Cyber Week in Review: HBO, Car Washes, & Venezuelan Websites

Media Division | August 18, 2017

Each week we bring you some of the biggest events in the cyberverse. Lessons get learned and more than a few laughs have been had, as cyber attack news often involves cyber blunders. This week rebels are on the rise: recent cyber attacks involve stories of pirates, wayward militia, and other assailants.

Here’s your cyber week in review.

Pirates of the Cable Network

The Home Box Office (HBO) cable network has had more than a few headaches this year: fan-favorite shows accused of “Not even trying anymore,” vendors compromised, and now another epic cyber attack from hackers. HBO loves a good epic story, but not necessarily being at the center of it.

This time, hackers broke directly into HBO’s computer networks, stealing an estimated 1.5 terabyte of data. “Game of Thrones” and “Curb Your Enthusiasm” are two of the shows already confirmed to have episodes leaking online. HBO has not commented on the types of files hackers obtained, though they have confirmed the cyber attack. Internal data seems to also have been compromised, though a statement to HBO employees stated that it’s unlikely that email systems were hacked.

At least at this time, email data has not leaked. We will see how the next episode plays out.

Car Wash Assailants

In another movie-like scene, it seems that car washes could now directly attack customers. It is like a scene out of a movie: a digital device, under the control of a remote threat actor, turns on a human. In the car wash version, it sprays hot water directly at the doors of the vehicle, trapping the victim inside. Soon, the vehicle advances on its own and the large garage doors of the facility slam down repeatedly on the top of the car.

Only in this case, it is not the stuff of science fiction. Security researchers at the Las Vegas Black Hat convention set up and demonstrated this exact scenario to illustrate weaknesses in connected devices. Digital devices could indeed physically harm targeted victims, as demonstrated in earlier hacks of digitally-accessible cars and pacemakers. Until now, however, no hack has turned a connected device into an assault weapon. It sets a precedent science fiction authors have imagined for years, but now it falls on cyber security experts to resolve and prevent.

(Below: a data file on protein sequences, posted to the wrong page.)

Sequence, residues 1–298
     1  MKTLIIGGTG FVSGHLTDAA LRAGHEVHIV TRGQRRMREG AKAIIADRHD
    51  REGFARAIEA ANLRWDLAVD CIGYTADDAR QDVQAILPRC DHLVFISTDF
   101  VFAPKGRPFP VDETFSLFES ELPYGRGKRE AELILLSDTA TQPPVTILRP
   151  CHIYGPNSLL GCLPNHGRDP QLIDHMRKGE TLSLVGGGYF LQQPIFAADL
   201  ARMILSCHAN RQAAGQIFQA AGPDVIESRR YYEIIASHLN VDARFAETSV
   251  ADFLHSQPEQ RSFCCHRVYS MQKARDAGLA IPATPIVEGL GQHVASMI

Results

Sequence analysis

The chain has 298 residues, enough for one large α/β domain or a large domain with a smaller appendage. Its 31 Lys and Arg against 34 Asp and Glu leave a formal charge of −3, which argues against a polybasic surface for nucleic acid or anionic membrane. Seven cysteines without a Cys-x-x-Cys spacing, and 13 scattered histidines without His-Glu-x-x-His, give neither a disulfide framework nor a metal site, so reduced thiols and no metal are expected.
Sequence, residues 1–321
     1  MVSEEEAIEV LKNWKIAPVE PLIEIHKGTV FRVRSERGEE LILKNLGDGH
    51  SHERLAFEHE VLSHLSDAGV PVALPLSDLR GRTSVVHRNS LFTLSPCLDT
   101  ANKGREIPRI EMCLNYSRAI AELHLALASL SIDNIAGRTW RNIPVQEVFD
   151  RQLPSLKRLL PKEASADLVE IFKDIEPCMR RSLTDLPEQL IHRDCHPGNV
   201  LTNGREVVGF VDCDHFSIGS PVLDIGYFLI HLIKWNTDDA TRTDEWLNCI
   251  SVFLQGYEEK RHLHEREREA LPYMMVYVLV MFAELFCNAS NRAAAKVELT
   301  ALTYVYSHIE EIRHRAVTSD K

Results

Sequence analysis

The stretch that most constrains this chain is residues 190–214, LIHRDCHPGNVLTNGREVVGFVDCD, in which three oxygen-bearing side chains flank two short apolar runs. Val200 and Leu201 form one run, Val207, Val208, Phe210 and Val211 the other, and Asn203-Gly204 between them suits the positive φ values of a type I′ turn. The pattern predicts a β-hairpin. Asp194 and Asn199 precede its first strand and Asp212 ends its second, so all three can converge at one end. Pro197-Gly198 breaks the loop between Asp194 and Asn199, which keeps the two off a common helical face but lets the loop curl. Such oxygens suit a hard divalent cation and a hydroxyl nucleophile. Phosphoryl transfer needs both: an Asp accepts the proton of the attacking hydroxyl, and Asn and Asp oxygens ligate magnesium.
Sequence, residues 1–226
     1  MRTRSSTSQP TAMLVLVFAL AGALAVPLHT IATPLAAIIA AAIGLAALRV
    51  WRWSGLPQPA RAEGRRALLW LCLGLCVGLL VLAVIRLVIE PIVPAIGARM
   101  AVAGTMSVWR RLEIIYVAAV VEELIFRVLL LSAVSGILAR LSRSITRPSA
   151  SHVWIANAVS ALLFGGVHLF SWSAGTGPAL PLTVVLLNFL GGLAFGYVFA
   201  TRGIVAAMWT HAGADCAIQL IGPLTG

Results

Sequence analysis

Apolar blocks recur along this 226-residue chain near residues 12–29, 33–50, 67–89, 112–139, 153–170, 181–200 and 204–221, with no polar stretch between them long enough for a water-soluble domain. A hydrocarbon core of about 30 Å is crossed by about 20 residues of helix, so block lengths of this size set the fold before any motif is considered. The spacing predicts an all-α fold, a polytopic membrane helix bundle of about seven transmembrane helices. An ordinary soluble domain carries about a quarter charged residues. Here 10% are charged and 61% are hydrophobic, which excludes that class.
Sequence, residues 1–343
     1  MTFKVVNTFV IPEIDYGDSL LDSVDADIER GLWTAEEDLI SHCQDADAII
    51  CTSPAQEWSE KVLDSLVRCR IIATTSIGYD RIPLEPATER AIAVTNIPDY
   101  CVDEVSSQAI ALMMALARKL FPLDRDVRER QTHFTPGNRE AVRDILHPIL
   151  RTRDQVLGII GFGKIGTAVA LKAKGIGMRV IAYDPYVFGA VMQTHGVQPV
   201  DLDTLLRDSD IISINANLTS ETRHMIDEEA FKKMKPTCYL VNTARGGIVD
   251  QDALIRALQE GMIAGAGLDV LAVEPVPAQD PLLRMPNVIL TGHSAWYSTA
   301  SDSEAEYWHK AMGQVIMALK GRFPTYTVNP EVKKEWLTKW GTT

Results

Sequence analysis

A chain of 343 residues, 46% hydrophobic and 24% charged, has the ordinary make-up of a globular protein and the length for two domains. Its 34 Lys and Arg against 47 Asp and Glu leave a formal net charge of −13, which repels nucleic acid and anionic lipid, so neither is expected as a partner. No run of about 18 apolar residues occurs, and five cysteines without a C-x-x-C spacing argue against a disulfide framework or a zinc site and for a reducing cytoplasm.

Rebel Reinforcements

Many national websites have suffered cyber attacks. India and Pakistan have battled one another on the digital playing field. Ukraine and Russia are possibly currently engaged in cyber warfare, which also directly affected front-facing websites. In the United States, the federal government will even pay a bounty for successfully hacking certain government sites.

But this is new: in Venezuela, sympathizers for a small group of insurgents have attacked state websites. The hackers, calling themselves The Binary Guardians, targeted government portals that affected the function of Supreme Court and legislature websites. Private companies were also affected, such as DirectTV and the telephone provider Digital.

The hackers took to Twitter to announce their motives. “Our struggle is digital,” they said, “You close the streets, we do so to networks.” They further urged any other anti-government protesters to demonstrate “and support our valiant soldiers.”

Cyber Events on the Rise

Current cyber attacks are an indication of what is to come: as hackers utilize exploits and methods to leak data, damage government agencies, or physically attack their targets, those successes breed copycat threat actors. We live in an era of instant communications; satellites make global data accessible to anyone.

To quote a superhero, “With great power comes great responsibility.” Possibly, the power of our digital communications expands at a rate greater than the increase of responsibility.

Time will tell.

Massive's Media Division publishes timely news and insights based on current events, trends, and actionable cross-industry expertise.